And remember, while Lorraine Clifford-Lee's past came back to bite her, it was Verona Murphy's present that came back to bite her. Murphy made her comments in the course of the election campaign. She said these things in a political interview setting, as a candidate. Verona Murphy said those things in an attempt to get people to vote for her. She thought they were acceptable things for a politician to say and she thought they were things that might encourage people to vote for her. And Fine Gael is standing by her. It's actually extraordinary.

Varadkar, who was so exemplary in how he dealt with Noel Grealish, and who seemed to understand the very real danger that can arise from loose talk and lies in this area, is suddenly OK with this. Put Verona through the car wash at a direct provision centre and out she comes, clean as a whistle, not a racist bone in her body.

I actually don't think Verona Murphy is a racist. I also think in general that Murphy seems like a very bright woman - which, in a way, makes her comments more worrying. I also think that people should be allowed to make mistakes, and say stupid things sometimes.

A lot of people missed a very important moment in Ireland's culture wars recently when Lorraine Clifford-Lee visited Pavee Point. After she left, Martin Collins spoke to the media and said he accepted her apology and added something to the effect that people should be allowed redemption. So what Martin Collins was saying, very graciously, as a representative of a minority, is that he does not believe in cancel culture - that people should get a second chance. And in doing so he was taking a bit of a stand against the prevailing left-liberal culture, which dictates that if someone snags themselves on one of the tripwires laid across public discourse, they must be banished for good.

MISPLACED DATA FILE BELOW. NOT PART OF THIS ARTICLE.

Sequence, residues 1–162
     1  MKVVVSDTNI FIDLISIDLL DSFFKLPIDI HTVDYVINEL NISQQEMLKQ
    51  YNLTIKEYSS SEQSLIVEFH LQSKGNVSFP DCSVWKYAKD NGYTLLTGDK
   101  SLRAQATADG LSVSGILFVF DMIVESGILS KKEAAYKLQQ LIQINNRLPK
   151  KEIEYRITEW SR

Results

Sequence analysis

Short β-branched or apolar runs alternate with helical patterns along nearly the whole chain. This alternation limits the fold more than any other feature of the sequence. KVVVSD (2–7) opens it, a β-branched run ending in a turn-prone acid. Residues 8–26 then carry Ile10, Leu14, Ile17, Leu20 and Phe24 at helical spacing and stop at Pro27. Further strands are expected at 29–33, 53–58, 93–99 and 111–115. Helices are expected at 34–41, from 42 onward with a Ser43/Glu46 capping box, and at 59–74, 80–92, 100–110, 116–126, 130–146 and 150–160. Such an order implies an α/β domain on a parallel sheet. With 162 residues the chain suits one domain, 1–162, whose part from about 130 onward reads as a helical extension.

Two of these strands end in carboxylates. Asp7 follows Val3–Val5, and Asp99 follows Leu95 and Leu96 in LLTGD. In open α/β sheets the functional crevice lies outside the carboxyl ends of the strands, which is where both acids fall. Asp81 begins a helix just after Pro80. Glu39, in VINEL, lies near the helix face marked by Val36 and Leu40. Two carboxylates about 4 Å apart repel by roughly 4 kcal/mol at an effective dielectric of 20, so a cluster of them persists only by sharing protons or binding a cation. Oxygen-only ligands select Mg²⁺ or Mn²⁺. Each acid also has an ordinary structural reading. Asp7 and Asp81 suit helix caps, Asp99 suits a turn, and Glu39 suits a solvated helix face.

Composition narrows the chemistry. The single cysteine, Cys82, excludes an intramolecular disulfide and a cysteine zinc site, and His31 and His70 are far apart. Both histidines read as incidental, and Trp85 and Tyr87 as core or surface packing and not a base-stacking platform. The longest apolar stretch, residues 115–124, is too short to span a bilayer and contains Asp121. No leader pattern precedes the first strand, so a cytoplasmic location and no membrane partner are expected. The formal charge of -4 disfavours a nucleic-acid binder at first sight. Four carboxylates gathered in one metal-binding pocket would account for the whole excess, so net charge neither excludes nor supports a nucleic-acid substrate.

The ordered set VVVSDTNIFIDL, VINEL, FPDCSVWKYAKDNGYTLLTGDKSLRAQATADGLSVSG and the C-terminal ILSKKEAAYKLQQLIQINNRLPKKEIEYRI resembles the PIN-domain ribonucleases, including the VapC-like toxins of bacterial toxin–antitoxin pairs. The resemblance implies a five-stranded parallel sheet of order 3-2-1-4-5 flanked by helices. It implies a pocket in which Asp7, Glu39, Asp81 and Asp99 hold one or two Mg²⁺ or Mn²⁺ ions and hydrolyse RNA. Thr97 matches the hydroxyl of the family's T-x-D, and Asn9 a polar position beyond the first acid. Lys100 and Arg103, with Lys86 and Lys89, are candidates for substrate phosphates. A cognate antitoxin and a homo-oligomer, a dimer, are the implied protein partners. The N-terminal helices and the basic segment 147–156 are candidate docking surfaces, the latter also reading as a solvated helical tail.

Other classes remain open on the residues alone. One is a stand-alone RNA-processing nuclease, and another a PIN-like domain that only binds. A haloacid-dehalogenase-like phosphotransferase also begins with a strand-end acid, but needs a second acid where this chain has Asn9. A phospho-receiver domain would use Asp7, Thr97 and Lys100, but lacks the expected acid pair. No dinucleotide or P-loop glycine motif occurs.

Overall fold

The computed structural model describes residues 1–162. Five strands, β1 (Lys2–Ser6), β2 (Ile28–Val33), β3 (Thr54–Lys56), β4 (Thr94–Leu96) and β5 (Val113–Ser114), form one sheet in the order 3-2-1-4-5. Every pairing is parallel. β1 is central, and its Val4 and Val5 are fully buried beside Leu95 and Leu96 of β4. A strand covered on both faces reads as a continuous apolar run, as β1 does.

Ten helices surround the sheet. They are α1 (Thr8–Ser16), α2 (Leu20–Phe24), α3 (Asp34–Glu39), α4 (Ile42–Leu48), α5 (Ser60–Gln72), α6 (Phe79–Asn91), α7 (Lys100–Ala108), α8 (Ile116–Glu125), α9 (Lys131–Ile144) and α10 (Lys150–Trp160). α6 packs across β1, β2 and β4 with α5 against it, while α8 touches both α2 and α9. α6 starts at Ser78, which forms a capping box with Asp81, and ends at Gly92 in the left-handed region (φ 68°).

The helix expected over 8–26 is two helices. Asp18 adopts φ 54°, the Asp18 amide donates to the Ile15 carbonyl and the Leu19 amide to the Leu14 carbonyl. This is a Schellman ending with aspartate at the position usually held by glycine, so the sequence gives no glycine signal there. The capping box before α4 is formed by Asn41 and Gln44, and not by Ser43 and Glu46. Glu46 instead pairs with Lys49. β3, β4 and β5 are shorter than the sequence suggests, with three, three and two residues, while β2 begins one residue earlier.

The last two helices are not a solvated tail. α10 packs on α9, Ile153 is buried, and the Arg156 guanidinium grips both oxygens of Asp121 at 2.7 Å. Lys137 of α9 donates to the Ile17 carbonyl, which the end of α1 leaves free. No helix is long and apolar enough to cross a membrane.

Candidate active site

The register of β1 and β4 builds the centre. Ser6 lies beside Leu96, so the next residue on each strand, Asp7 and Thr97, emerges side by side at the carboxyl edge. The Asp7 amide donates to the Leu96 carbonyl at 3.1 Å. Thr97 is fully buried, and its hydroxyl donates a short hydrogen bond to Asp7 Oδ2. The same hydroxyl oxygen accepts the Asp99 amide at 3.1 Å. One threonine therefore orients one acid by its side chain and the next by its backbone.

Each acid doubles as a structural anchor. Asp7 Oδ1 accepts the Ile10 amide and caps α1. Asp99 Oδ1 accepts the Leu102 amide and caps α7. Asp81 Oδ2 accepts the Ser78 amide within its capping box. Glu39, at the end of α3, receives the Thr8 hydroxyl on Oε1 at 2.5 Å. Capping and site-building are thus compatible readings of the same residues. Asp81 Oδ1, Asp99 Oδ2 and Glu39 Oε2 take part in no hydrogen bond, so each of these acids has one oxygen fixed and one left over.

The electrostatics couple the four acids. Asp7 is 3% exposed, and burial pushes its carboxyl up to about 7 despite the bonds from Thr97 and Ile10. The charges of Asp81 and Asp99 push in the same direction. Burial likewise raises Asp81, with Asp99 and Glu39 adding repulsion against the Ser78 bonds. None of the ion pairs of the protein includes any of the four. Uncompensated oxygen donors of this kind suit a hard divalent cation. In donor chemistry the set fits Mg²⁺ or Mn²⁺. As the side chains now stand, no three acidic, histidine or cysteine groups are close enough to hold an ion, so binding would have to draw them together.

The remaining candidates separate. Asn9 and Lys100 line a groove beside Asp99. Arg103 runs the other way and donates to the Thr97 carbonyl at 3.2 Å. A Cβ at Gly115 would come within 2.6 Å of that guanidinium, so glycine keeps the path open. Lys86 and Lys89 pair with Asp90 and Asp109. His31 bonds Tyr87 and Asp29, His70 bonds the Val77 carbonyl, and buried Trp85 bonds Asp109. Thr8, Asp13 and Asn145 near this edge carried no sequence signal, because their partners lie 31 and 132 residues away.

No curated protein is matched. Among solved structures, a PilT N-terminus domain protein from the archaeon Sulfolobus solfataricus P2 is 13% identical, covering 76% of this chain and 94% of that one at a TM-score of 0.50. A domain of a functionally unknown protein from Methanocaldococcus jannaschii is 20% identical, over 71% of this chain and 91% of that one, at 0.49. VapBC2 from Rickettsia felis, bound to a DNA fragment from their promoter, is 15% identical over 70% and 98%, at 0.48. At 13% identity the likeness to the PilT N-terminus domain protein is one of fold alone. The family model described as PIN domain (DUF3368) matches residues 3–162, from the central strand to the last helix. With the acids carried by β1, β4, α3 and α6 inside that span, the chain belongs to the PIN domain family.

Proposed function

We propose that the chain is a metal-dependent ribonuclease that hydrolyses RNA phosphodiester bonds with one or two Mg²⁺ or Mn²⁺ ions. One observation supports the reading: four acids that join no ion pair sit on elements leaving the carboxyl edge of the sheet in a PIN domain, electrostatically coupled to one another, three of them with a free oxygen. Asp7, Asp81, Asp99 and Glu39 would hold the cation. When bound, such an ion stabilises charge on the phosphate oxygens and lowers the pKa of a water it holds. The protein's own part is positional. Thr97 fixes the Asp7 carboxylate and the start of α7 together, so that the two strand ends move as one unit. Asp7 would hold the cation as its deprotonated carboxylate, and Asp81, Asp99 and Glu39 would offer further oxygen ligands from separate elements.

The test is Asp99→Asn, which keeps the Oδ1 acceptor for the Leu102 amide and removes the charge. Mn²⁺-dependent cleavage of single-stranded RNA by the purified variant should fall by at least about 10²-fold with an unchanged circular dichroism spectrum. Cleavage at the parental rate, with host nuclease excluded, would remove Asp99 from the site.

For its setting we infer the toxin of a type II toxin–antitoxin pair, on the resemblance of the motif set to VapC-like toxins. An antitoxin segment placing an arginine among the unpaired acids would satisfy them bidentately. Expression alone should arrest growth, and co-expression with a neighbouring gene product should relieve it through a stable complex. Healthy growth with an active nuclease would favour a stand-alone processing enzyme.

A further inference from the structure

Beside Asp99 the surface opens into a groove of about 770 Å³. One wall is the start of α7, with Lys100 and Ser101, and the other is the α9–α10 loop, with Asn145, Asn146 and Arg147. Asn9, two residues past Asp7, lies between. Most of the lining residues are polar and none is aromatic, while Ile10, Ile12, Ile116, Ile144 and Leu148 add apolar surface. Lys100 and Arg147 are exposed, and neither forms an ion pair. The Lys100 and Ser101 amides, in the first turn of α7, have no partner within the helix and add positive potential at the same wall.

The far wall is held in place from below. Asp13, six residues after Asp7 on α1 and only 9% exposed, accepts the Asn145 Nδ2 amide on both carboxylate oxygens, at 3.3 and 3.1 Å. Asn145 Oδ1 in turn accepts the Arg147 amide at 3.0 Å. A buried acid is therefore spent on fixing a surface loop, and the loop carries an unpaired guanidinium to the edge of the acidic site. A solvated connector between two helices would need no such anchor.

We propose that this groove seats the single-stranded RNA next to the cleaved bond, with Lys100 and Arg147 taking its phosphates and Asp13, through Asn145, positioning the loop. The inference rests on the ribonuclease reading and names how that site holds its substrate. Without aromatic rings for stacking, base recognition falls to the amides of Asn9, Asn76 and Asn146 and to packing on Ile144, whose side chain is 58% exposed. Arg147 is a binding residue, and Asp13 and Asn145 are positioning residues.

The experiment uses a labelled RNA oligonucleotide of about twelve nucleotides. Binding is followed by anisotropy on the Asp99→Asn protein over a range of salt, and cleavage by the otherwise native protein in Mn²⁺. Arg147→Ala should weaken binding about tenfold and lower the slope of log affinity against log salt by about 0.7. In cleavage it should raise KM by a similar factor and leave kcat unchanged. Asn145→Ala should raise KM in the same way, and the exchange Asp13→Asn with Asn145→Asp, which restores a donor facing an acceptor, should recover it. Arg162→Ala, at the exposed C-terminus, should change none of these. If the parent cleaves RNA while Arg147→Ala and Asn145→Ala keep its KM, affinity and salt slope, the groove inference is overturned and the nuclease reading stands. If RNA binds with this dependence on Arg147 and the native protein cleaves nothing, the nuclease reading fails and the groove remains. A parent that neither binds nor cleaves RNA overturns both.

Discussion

I agree with Collins. And I also agree with Verona Murphy's supporters that there is much more to her than these stupid comments.

I actually suspect what may have happened here is that Murphy might have been suffering a slight cultural hangover from her role as a road haulier and as president of the Irish Road Haulage Association (IRHA).

To many truckers, migrants are a very specific problem. They are people who can jump on your truck when you are about to cross a border and they can land you in deep trouble and with thousands of euros in fines. So you wonder if, in the trucking culture, migrants get talked about in a particular way.

Perhaps Murphy hadn't quite transitioned properly out of that culture and into the political one. Perhaps she hadn't switched her mindset and her language enough. Perhaps she hadn't fully realised that as a politician you have different responsibilities around loose talk. This does not excuse her comments, but it might explain them.

So there should be redemption for Verona Murphy. However, it seems that the necessities of an election campaign meant that redemption had to be fast-tracked on this occasion.

But redemption for Murphy cannot come within the same campaign in which she made the comments. Because no matter what way you look at it, those comments were part of Murphy's campaign, and sadly, they will get her votes. And Fine Gael needs to accept that if Murphy wins this election, she will have got some of her votes for very sinister reasons. Fine Gael will have a TD who was elected, partly at least, on a racist platform.

Instead of standing by Murphy, Fine Gael should have made it very clear that they, and all of us in this country, are better than this.

Sunday Independent